Shoulder impingement is the condition of inflammation of the tendons of the shoulder joint. It is one of the most common causes of pain in the adult shoulder. The shoulder is a ‘ball-and-socket’ joint. A ‘ball’ at the top of the upper arm bone, humerus, fits neatly into a ‘socket’, called the glenoid, which is part of the shoulder blade, the scapula. Shoulder impingement is also called as swimmer’s shoulder, tennis shoulder, or rotator cuff tendinitis.
Impingement results from pressure on the rotator cuff from part of the shoulder blade (scapula) as the arm is lifted. It is more likely to occur in young and middle aged people who engage in physical activities that require repeated overhead arm movements. The pain may be due to a “bursitis” or inflammation of the bursa overlying the rotator cuff or a “tendonitis” of the cuff itself. In some circumstances, a partial tear of the rotator cuff may cause impingement pain.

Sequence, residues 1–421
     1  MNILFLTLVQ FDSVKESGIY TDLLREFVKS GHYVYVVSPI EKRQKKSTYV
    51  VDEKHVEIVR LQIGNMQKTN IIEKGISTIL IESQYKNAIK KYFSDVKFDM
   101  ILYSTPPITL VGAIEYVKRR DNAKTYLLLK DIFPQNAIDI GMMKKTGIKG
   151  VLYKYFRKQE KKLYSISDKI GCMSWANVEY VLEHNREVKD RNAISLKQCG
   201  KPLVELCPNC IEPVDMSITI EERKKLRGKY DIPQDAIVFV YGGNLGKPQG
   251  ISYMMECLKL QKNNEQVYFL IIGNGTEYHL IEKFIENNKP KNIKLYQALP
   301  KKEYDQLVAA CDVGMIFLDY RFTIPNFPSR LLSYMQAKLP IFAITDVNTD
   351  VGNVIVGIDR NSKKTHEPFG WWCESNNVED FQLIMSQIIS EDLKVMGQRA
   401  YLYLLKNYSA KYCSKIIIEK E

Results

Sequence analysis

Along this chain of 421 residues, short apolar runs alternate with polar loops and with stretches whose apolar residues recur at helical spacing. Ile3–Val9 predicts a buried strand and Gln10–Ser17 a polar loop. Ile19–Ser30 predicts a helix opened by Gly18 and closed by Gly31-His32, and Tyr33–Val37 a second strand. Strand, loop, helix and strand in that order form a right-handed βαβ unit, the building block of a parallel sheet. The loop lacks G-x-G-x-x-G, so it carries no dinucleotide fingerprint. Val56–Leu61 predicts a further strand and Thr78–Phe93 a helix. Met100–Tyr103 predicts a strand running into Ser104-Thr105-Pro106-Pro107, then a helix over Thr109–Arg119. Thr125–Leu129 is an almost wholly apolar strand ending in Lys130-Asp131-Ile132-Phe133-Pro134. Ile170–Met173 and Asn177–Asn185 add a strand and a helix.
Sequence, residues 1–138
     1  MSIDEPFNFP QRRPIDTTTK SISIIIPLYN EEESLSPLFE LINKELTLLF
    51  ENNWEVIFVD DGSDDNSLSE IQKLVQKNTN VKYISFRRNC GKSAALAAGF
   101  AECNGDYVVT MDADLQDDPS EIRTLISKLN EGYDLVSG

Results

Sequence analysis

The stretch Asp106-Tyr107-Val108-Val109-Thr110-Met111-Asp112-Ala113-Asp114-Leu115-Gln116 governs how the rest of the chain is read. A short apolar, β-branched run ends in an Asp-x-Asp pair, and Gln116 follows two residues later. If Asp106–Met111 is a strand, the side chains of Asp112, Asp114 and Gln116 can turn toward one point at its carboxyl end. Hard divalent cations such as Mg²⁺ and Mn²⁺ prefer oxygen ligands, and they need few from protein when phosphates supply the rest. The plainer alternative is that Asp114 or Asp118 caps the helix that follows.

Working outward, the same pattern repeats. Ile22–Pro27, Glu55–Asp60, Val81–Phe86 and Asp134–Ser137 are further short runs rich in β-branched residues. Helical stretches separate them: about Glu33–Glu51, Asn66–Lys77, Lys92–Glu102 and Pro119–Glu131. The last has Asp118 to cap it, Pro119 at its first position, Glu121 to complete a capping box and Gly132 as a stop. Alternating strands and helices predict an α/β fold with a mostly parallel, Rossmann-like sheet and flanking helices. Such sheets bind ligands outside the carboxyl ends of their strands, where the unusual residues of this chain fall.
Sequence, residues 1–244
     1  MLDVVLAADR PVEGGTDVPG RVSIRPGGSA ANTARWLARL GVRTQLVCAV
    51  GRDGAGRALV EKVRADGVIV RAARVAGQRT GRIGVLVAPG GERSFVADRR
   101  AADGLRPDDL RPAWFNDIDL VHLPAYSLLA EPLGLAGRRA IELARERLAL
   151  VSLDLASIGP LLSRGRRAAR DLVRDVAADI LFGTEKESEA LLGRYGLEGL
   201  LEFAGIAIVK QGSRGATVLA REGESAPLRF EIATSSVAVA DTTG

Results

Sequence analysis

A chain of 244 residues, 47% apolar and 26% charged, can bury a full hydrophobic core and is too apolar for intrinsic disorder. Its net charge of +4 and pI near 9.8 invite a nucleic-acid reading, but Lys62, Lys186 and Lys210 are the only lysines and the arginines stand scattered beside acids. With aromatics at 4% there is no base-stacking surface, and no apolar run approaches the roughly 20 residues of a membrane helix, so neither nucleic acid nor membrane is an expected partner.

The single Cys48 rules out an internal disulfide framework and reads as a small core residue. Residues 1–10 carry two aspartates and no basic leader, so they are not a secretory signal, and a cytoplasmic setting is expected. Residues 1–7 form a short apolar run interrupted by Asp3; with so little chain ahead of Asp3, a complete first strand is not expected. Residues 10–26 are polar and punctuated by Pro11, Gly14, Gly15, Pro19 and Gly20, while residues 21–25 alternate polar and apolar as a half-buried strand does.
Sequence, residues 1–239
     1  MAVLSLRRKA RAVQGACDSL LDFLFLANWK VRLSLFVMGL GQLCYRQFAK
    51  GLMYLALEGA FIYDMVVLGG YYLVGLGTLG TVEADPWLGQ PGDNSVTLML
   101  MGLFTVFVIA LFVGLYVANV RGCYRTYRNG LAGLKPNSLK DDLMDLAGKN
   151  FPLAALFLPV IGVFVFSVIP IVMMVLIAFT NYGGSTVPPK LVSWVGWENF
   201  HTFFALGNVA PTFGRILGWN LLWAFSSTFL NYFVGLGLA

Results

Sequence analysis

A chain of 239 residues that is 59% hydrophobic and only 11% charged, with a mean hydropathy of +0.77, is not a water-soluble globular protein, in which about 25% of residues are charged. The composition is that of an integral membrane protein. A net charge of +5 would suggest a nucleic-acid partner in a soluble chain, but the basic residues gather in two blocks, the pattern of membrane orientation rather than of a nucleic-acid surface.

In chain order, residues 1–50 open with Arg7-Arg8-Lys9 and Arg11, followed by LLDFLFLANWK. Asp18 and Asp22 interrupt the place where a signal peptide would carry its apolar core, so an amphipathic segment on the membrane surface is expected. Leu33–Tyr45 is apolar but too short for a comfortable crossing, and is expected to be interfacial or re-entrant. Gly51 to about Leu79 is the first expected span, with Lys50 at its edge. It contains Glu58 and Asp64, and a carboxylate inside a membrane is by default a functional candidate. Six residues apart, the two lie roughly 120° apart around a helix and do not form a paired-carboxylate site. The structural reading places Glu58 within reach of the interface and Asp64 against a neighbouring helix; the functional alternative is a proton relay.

Individuals with shoulder impingement may experience severe pain at rest and during activities, weakness of the arm, and difficulty in raising the hand overhead.
Diagnosis involves a physical examination by the doctor for the possible range of movements with the affected shoulder. X-rays and MRI scans may be ordered to see the injury and inflammation.
Conservative Treatment Options
Shoulder impingement can be treated with rest, ice packs, anti-inflammatory drugs, and avoiding the activities involving the shoulder. Physical therapy may be advised to strengthen the muscles and steroid injections may be given if pain persists.
Arthroscopic surgery is recommended if the rotator cuff tendons are torn and to remove the bony spurs. During shoulder arthroscopy, your surgeon makes very small incisions and inserts a small camera into your shoulder joint. The camera then displays pictures of your joint on a television screen, and with these images the surgeon will decompress the impingement lesion.